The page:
Shale Gas Boom Rejuvenating US Industry
The shale gas revolution is firing up an old-fashioned American industrial revival, breathing life into businesses such as petrochemicals and glass, steel and toys.
Consider the rising fortunes of Ascension Parish, La.
Methanex, which closed its last U.S. chemical plant in 1999, is spending more than half a billion dollars to dismantle a methanol plant in Chile and move it to the parish.
Nearby, a petrochemical company, Williams, is spending $400 million to expand an ethylene plant. And on Nov. 1, CF Industries unveiled a $2.1 billion expansion of its nitrogen fertilizer manufacturing complex, aiming to displace imports that now make up half of U.S. nitrogen fertilizer sales.
These companies all rely heavily on natural gas. And across the country, companies like them are crediting the sudden abundance of cheap natural gas for revving up their U.S. operations. Thanks to new applications of drilling technology to unlock natural gas trapped in shale rock, the nation’s output has surged and energy experts almost unanimously forecast that prices will remain low or moderate for a generation.
The International Energy Agency says that by 2015, the United States will overtake Russia as the world’s biggest gas producer.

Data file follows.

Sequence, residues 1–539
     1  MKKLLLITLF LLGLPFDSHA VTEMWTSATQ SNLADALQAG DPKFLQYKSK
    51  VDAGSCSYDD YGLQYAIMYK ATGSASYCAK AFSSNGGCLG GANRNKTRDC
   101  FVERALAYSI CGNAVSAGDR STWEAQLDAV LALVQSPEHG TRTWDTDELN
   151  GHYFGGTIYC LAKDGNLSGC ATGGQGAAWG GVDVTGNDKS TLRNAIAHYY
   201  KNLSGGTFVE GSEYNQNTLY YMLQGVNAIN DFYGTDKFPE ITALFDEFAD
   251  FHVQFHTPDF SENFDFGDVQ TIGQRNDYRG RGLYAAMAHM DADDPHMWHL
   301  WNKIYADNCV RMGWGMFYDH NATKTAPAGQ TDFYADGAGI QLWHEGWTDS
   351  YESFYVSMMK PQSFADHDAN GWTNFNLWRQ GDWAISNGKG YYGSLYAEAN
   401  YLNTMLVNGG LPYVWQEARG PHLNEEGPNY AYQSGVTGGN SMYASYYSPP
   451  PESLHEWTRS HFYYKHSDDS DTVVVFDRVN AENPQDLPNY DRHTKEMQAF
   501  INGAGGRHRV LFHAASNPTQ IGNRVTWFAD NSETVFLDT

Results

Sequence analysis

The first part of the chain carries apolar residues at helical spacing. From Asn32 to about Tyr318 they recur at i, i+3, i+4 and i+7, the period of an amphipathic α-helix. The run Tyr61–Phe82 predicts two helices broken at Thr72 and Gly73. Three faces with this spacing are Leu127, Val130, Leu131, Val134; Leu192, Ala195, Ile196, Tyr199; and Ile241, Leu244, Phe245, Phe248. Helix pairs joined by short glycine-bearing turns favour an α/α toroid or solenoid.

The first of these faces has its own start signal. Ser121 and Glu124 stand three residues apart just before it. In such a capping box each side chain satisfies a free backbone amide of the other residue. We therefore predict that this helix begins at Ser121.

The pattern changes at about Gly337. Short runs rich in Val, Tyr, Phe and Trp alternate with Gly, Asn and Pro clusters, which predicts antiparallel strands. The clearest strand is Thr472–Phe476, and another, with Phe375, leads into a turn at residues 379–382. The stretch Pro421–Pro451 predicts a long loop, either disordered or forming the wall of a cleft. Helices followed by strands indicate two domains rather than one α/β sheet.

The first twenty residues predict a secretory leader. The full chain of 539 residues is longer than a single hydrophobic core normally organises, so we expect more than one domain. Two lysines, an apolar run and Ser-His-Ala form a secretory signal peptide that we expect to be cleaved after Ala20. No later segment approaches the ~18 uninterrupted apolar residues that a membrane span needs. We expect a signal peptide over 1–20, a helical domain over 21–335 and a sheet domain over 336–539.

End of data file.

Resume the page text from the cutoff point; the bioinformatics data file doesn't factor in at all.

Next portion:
“The supply of natural gas and the price are the driving factors, and we’re swimming in natural gas down here,” said Mike Eades, president of the Ascension Economic Development Corp.
Ascension Parish falls inside the Haynesville geological region – one of the nation’s big shale gas prospects.
“It has become clear to me that the responsible development of our nation’s extensive recoverable oil and natural gas resources has the potential to be the once-in-a-lifetime economic engine that coal was nearly 200 years ago,” U.S. Steel Chairman John Surma said in a speech this year.
Industrial companies are betting that the surge in the domestic production of natural gas is much more than a blip. Cheap and plentiful supplies of natural gas are flooding the U.S. market, and prices in the United States are as low as a quarter of what they are in Europe or Asia.
“For the foreseeable future, thanks to the recovery of vast U.S. underground gas deposits of shale, natural gas is likely to remain 50 to 70 percent cheaper in the U.S. than in Europe and Japan,” said a recent report by the Boston Consulting Group.
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